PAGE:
Cherubic Statuary Hidden in Plain Sight Off Ormsby Station Rd Near Hurstbourne Lane (Unseen Louisville No. 5)

August 2, 2008

I can’t tell you how many times I’ve biked past this oddity perched atop a small incline in the Hurstbourne Green Office Park next to Ormsby Station Road in eastern Jefferson County in Louisville, Ky. All that I can say is I somehow never saw this bit of statuary; completely invisible to me in plain sight until last week. So, we make this mystery statue the subject of the fifth installment of our Unseen Louisville series. I know I’ve written too many of these Unseen Louisville segments about stuff found in the Hurstbourne Green area, but since these things are close to my house and they keep popping up in my own backyard, I say, why not? This statue with a cherubic theme obviously is a leftover remnant of the old Ormsby Village orphanage campus that sprawled all over this part of the county from 1920 to 1967 (see my earlier posting on this from last year). Now it’s all office parks, but, thankfully when the new stuff was being built someone at least had the good sense to leave this bit of statuary around instead of demolishing it or carting it away to some anonymous fate. There is no descriptive plaque on the statue, so I can’t tell you the first thing about the artist, the foundry, the date of creation and installation, title of the work, or anything else. Perhaps someone out there can provide more information. Being somewhat ignorant of styles and motivations in art history, it’s hard for me to fathom what predilections pseudo-Renaissance stylists had that inspired them to depict what appear to be children slathering around in grape juice in some sort of orgiastic reverie. We will post that information in the comments section below or in a future posting. So, lacking anything substantial, I’ll share with you a few of the images I took of this interesting, elaborate sculpture. -EG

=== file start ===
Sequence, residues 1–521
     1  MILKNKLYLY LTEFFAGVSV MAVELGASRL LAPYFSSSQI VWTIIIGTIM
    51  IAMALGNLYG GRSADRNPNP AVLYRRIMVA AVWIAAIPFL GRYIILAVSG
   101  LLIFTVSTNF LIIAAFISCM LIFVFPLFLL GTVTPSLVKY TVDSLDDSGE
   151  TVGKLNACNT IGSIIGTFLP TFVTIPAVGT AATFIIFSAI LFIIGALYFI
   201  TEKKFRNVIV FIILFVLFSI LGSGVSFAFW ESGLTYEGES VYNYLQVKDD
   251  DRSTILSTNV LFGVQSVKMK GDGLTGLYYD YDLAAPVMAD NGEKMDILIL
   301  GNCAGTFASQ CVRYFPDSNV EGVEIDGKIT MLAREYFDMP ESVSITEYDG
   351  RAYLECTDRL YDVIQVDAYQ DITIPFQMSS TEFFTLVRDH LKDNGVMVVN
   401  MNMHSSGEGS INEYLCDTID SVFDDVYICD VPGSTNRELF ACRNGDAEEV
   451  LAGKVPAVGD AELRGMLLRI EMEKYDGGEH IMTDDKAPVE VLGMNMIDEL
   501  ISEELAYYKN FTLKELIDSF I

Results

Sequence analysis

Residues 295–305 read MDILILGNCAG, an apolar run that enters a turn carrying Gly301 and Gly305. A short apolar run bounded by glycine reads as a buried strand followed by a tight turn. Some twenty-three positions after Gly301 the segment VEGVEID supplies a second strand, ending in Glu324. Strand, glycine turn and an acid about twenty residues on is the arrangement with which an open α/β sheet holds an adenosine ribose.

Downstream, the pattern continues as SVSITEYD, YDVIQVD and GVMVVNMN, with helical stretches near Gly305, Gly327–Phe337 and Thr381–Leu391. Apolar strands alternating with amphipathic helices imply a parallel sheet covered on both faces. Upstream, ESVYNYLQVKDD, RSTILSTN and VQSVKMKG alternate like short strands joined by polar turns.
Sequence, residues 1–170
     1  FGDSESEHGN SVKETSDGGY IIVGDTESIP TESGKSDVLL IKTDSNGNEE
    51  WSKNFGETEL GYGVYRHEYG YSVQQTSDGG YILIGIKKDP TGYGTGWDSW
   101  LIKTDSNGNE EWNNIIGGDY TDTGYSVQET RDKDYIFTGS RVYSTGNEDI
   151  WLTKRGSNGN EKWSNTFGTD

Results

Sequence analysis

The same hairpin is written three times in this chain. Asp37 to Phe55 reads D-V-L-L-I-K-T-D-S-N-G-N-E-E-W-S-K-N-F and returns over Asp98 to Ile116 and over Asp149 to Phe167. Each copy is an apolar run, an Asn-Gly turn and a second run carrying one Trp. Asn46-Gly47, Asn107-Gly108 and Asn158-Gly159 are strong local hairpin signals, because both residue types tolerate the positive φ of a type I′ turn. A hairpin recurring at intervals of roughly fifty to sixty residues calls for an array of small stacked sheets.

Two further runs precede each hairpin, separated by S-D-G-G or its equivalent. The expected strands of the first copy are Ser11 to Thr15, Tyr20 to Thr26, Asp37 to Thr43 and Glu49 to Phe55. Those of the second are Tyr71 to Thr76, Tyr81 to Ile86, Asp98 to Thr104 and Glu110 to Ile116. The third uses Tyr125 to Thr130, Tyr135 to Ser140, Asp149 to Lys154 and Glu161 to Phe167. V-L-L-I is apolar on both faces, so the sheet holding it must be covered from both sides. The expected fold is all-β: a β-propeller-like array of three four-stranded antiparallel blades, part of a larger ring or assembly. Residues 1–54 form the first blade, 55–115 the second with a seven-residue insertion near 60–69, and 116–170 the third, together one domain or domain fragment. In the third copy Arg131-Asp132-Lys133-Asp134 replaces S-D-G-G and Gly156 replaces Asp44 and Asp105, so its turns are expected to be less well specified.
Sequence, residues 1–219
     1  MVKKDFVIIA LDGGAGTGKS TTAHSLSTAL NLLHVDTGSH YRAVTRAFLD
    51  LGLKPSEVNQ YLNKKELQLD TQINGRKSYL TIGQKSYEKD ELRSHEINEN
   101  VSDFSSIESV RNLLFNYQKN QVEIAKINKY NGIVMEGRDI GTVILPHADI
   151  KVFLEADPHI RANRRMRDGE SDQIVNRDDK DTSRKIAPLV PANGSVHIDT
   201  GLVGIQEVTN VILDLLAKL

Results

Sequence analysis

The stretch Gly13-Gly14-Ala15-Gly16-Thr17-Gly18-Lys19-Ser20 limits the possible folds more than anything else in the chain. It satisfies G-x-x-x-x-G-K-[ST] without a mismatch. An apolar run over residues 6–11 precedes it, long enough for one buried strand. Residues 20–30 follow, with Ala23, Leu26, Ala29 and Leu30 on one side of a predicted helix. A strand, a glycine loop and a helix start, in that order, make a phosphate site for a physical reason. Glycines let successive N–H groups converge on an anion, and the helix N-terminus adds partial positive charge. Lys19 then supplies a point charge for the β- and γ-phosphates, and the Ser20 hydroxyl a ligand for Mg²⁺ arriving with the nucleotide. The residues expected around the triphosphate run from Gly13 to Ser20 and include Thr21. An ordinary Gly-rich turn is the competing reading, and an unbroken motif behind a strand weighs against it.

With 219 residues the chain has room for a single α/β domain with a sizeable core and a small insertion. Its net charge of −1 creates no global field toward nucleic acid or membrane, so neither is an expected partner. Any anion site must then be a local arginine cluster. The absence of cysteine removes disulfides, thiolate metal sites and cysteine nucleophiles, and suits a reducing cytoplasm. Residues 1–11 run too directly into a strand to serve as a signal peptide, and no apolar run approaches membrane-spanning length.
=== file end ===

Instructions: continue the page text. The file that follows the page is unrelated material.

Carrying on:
That Sunset Last Night in Louisville, KY

July 10, 2008